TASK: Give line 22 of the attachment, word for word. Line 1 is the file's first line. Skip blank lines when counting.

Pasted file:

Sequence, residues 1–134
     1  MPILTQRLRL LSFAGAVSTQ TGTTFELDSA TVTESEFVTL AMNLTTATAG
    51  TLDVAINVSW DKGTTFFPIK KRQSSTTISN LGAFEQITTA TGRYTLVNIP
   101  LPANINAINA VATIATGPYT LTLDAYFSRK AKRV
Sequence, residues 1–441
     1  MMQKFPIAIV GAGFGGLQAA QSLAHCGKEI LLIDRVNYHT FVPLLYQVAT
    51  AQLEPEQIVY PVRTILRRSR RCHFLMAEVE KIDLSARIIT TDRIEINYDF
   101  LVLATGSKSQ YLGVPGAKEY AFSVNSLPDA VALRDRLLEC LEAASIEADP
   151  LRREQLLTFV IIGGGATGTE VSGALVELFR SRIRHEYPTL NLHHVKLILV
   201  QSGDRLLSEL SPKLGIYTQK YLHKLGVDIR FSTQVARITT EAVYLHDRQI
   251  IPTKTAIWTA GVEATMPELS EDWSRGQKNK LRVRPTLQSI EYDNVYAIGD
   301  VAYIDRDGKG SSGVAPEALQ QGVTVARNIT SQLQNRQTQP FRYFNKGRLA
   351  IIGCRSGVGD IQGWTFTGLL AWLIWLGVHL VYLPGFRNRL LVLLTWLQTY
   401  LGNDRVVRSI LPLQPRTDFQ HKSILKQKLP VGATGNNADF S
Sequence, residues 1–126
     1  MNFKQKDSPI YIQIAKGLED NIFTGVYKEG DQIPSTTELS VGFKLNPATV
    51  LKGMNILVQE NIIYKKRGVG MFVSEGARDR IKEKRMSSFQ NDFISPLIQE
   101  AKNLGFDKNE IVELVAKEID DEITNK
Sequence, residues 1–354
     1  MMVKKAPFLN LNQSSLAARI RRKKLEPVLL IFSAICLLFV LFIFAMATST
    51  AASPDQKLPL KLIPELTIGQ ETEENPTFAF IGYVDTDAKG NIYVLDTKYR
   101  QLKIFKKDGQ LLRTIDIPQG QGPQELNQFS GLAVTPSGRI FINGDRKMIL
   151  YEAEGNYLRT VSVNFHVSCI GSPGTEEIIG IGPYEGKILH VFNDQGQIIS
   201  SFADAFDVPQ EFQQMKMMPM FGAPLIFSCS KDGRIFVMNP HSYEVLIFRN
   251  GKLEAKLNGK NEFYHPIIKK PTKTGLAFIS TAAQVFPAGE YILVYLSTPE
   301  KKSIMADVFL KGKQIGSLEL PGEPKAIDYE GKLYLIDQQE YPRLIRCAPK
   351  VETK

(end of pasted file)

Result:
   101  QLKIFKKDGQ LLRTIDIPQG QGPQELNQFS GLAVTPSGRI FINGDRKMIL